Companies develop an FPO to either raise additional capital for the company or reduce its debt. In the case of an FPO, the Earnings Per Share of the company reduces as more shares float in the stock market.
What Are the Benefits of Follow-On Public Offers (FPOs)?
An FPO is one of the best ways for companies to ensure their operations run smoothly. Here are some of the benefits of an FPO for companies.
● Capital raising: One of the primary reasons companies launch an FPO is to raise additional capital for the company. The companies can use these funds to pay off debt or invest in expansion.
● Increased liquidity: FPO increases the liquidity of the company's shares by increasing the number of shares available in the market. This makes it easier for investors to buy and sell shares in the company.
● Diversification: An FPO allows companies to diversify its investors base as new investors buy their shares. It also results in diversifying the equity base of the company.
● Improved market reputation: A successful FPO can improve a company's market reputation, as it demonstrates investors' confidence in the company's growth potential and financial stability.
What Are the Advantages of At-The-Market (ATM) Offerings?
At-The-Market offerings are a new-age financial process that allows companies to sell their shares gradually over time to the general public directly. Here are some of the advantages of At-The-Market (ATM) offerings:
● Flexibility: ATM offerings allow companies to issue their shares in real-time after accessing the market conditions and investor demand. ATM offerings mitigate the chances of a low subscription as the company issues shares after accessing the market.
● Market price: One of the best advantages of ATM offerings is the price at which the companies offer their shares. In ATM offerings, the companies can offer shares at the current market price, resulting in better investment returns.
● Cost-effective: The shares issuing process through ATM offerings is cost-effective and cheaper than the IPO process. The process does not involve seeking assistance from investment bankers, resulting in lower expenses.
What Are the Disadvantages of At-The-Market (ATM) Offerings?
Like every other financial process, ATM offerings also have certain disadvantages, including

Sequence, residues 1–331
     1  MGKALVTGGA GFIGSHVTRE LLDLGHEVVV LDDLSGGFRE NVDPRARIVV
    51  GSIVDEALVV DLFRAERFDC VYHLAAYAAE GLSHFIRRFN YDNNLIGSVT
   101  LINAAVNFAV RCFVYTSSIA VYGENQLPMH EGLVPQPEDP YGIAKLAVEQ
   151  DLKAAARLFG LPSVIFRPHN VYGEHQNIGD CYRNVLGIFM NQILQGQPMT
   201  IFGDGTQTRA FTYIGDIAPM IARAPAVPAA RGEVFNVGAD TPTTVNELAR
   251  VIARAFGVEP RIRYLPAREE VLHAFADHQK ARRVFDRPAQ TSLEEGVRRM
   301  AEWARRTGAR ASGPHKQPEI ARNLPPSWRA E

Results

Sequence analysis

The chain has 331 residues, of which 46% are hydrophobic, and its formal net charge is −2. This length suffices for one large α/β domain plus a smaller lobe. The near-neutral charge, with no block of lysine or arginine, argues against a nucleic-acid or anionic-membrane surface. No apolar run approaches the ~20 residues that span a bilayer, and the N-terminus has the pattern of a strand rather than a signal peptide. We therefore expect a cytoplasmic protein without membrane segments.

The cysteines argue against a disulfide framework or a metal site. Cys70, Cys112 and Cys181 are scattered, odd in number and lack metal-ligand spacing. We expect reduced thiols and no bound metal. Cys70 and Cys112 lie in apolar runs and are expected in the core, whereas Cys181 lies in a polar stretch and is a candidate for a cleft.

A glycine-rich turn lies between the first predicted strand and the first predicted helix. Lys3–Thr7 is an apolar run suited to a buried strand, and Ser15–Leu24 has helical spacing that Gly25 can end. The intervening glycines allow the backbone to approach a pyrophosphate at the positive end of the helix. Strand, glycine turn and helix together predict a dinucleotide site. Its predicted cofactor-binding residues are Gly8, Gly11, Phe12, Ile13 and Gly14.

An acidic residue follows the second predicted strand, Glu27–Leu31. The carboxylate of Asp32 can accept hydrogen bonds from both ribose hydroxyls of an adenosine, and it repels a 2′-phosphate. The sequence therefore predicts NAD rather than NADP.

● Ownership dilution: One of the main disadvantages of ATM offerings is its resulting decrease in the current ownership of the shareholders. As the company issues additional shares, it dilutes the ownership percentage of the current shareholders.
● Limited control: When issuing company shares through ATM offerings, the company has limited control over the pricing of the shares as they are issued at the current market price. If the current price is overvalued, it may lead to a lower subscription.
● Volatility: ATM offerings may lead to higher volatility in the market as the investors may react negatively to the news that a company is issuing additional shares. Volatility can disrupt the demand and supply factors, negatively affecting the share price.
● Decreased goodwill: Investors may take the news of a company issuing additional shares through ATM offerings negatively, deeming the company to have negative cash flow.
An FPO is ideal for a company to raise additional capital from the general public if it needs more funds after raising capital through an IPO. Since the company has already listed its shares through IO, it can only raise additional capital through an FPO, where current or new investors can invest and increase their ownership.
FPOs can be beneficial for both the issuing company and investors, as it provides an opportunity for the company to raise funds for growth and for investors to profit from the company's success potentially. However, as FPOs may come with certain risks, investors must conduct their research and analysis before deciding whether to participate in an FPO.
More About IPO
Frequently Asked Questions
IPO stands for Initial Public Offering, a process where private companies issue shares for the first time to investors to become publicly traded. Business owners use an IPO to raise funds for various company activities.
Non-Dilutive FPO is a type of FPO that does not decrease the valuation and the ownership percentage of the current shareholders. The process witnesses the current shareholders selling their stakes for personal gains, resulting in no change in the share float.
IPOs and FPOs are used by companies or corporations that want to raise funds from the public. In an IPO, a company issues shares to the public for the first time, raising capital by selling these shares, whilst companies that are already publicly traded and want to raise additional capital by issuing new shares to the public issue an FPO.